Former Spark Energy Customers to be Switched to Ovo

Ovo Energy will take on nearly 300,000 customers after Spark Energy ceased trading last week. 

The firm ceased trading after failing to pay a bill of £14 million due to Ofgem following non-repayment of its RPO (renewable power obligation).

Energy regulator Ofgem has now approved the takeover of Spark Energy Supply Ltd by the larger Ovo Energy. Ofgem executive director Mary Starks has assured customers that their supply will continue as normal at the same price.

She explained that customers’ credit balances will also be honoured, and their energy supply will be uninterrupted. Ovo will also not charge exit fees and so ex-Spark Energy customers will be able to shop around once the transfer has been completed.

Despite ranking above all the Big Six providers in the 2014 Which? Switch energy satisfaction survey, the firm tumbled down the rankings before coming in 30th out of the 31 providers in the 2017 survey.

The company’s focus on tenants and lettings agents made it open to complaints, and it suffered with its public image after a 2015 scandal in which they were fined by Ofgem.

Since Spark Energy ceased trading, the future of its employees has been raised as a concern. The firm employs more than 300 staff at the headquarters in the border town of Selkirk. Spark Energy also has an operations department and teams in both Edinburgh and Horsham. Ovo has said that it plans to keep these departments on.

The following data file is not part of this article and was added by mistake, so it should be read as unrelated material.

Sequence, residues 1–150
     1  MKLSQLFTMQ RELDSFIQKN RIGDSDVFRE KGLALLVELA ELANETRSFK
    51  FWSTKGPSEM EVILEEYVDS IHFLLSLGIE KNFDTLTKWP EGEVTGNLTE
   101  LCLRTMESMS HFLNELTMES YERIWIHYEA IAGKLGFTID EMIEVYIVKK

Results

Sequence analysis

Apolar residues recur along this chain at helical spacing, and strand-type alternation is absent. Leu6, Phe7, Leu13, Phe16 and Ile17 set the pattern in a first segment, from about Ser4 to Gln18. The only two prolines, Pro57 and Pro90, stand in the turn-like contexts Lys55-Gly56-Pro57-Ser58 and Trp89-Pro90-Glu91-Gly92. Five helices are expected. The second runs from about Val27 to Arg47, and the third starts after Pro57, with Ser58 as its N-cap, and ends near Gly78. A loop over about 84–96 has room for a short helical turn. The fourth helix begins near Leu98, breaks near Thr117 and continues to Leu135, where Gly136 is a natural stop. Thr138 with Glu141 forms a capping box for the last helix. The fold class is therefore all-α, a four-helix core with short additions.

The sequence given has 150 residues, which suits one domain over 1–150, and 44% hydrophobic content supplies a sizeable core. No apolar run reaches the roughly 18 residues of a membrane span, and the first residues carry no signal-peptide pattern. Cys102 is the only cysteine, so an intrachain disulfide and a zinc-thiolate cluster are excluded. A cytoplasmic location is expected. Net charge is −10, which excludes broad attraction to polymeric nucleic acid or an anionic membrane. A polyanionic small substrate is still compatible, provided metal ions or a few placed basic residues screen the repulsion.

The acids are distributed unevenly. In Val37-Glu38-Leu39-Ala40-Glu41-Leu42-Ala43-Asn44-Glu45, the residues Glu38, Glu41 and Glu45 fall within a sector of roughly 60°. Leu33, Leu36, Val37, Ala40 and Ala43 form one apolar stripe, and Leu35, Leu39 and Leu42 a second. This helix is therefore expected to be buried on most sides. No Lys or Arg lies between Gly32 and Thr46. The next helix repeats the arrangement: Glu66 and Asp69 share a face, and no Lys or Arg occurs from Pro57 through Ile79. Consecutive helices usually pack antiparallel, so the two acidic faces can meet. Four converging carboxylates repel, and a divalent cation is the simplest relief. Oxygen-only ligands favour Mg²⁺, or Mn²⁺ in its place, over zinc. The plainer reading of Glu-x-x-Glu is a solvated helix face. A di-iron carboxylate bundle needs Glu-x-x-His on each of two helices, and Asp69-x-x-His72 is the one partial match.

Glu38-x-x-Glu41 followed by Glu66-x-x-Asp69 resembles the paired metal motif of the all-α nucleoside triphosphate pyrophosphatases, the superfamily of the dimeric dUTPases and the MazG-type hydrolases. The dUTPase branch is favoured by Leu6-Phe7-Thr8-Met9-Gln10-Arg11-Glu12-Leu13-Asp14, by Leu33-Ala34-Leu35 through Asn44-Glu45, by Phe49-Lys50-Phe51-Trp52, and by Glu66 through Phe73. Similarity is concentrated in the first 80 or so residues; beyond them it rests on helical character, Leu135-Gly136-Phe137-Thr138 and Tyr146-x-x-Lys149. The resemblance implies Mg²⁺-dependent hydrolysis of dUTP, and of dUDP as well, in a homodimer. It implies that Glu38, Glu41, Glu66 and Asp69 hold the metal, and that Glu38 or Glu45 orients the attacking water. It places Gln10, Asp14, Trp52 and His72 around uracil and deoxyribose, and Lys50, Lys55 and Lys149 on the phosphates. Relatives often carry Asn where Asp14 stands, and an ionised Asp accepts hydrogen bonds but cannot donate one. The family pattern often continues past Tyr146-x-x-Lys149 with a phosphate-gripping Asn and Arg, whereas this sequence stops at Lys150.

Rural Economy Secretary Fergus Ewing said his priority was to “do everything possible” to keep Spark Energy’s ex-employees in work.

Speaking to the BBC, he explained: “The significance of the Spark workforce to the Selkirk and wider Borders area is huge,

“That is why the Scottish government has been working tirelessly with Spark Energy and others in recent weeks to try to find the best resolution possible, during a period of great worry and uncertainty for those workers and their families.

“I am hopeful that this outcome will mean the retention of the vast majority of the jobs.

“I will continue to do all I can to safeguard those jobs and will be looking to engage with Ovo Energy at the earliest opportunity.”

In the past few years the Big Six energy suppliers have been losing customers consistently, as many customers have chosen to switch to smaller suppliers in the search for cheaper energy rates.

Since the gas and electricity supply markets became open to competition there were a total of 73 suppliers, as of June this year.

However, 6 smaller companies and rival firms Extra Energy, Future Energy, National Gas and Power, Iresa Energy, Gen4U and Usio Energy have all ceased trading in 2018.

 

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